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Article

Alison Manges Nogueira

Monumental, marble paschal Candlestick of the late 12th to early 13th century with reliefs signed by Nicolaus de Angelo and Vassallettus now in S Paolo fuori le Mura, Rome. The imposing column (h. 5.6 m), adorned with six registers of reliefs and surmounted by a fluted candle holder, rests upon a base of sculpted lions, sphinxes, rams and female figures. The upper and lower reliefs bear vegetal and ornamental patterns while the three central registers portray ...

Article

Charles Tracy

Places in the choir of a church set aside for the daily use of the clergy. They are usually made of wood and are found only in churches of the Western tradition. Choir-stalls were essentially places for standing, the clergy being required to do so during most of the services. Each stall consists of a folding seat, turning on hinges or pivots, with a ...

Article

Iris Kockelbergh

Closet-like piece of furniture used in the Roman Catholic Church and some other liturgically ‘high’ denominations for auricular confession. Confessionals are always made out of wood, since it was thought inappropriate to use more costly materials for non-liturgical church furnishings. Several types of confessional were in existence during the Middle Ages. In the 12th century the priest was seated while the penitent knelt in front of him. From the 14th century in ...

Article

Minbar  

Pulpit in a mosque, often made of wood or stone. The largest, indeed sometimes the only piece of furniture in a mosque, the minbar derived from the judge’s seat in pre-Islamic Arabia. The first minbar in Islam (c. ad 628–31) is reported to have been the wooden chair with two steps ordered for the mosque of ...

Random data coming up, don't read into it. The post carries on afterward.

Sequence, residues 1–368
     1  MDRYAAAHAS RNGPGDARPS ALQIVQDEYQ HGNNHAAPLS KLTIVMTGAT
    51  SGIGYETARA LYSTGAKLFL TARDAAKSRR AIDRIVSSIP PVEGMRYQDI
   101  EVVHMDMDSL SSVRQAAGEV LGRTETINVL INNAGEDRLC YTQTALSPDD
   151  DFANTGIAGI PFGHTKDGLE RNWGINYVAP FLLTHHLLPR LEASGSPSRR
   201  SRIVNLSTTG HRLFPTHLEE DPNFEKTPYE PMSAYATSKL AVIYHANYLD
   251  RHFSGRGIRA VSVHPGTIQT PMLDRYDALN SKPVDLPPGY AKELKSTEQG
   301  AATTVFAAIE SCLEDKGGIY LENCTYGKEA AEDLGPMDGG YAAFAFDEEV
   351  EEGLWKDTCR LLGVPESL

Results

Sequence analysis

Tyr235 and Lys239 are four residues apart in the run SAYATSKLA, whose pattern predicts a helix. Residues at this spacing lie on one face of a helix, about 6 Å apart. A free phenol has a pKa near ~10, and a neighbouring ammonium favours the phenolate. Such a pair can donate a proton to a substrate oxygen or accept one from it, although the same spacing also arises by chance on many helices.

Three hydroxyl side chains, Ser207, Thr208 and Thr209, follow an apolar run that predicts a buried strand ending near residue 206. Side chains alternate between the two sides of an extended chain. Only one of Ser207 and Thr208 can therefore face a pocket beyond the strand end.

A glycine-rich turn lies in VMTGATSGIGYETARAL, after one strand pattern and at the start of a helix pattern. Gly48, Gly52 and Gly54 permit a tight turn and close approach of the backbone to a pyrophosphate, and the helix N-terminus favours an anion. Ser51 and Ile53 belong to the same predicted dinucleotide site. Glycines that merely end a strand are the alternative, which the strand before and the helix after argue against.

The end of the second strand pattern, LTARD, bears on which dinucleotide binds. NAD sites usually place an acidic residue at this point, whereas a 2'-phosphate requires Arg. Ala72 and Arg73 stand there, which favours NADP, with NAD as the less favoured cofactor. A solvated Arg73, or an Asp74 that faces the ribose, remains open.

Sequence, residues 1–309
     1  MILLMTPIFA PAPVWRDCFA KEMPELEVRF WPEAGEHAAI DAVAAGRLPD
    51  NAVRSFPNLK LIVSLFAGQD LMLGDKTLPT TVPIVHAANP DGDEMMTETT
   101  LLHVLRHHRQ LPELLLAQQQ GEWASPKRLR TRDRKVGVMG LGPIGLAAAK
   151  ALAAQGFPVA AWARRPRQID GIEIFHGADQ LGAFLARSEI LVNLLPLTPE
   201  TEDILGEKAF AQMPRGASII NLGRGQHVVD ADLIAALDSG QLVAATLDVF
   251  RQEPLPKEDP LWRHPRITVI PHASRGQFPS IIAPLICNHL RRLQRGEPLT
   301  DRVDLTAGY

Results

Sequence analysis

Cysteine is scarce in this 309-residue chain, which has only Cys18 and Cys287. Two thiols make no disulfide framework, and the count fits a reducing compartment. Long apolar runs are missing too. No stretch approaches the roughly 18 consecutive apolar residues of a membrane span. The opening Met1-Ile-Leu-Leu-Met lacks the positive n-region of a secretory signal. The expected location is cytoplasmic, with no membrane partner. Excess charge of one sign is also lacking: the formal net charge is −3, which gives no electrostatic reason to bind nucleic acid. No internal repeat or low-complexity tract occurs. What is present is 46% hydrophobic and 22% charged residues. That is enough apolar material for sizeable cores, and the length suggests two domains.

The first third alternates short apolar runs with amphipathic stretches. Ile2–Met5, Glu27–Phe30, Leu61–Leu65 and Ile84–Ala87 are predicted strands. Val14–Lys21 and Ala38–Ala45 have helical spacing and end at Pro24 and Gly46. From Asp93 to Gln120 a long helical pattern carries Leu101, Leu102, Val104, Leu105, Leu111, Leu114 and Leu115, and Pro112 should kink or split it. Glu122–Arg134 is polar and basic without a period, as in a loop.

Article

Christa Grössinger

Hinged choir-stall seat, which, when tipped up, gives support to the clergy, who according to the Rules of St Benedict (6th century) were required to stand during the Divine Offices, consisting of the seven Canonical Hours. The term is first mentioned in the 11th-century Constitutiones...

Article

Gordon Campbell

Ornamental glass shade for an oil lamp, designed to be hung in a mosque. It is usually shaped like a vase, with a bulbous body, a flared neck, a flat base, and applied glass loops from which it was suspended. The form emerged in late 13th-century Syria, and many of the finest examples come from Syria and Egypt. From the 16th century mosque lamps were made in Europe (notably Venice) and exported to the Islamic world....

Article

Pew  

Charles Tracy

Term used to designate certain kinds of seating, particularly fixed wooden benches in churches. The provision of permanent seating for the congregation became common only in the later Middle Ages, and it may have been a speciality of England, where most examples survive. Earlier, bench-tables along the walls or encircling the nave piers had provided seating for the old and infirm, but most of the congregation stood, as is still the tradition in the Eastern churches. The earliest surviving examples of fixed wooden pews date from the late 13th century, at ...

Article

Carved finial or decorative motif on a Pew or bench-end or other piece of church furniture. It is often in the form of foliage but can also be figural.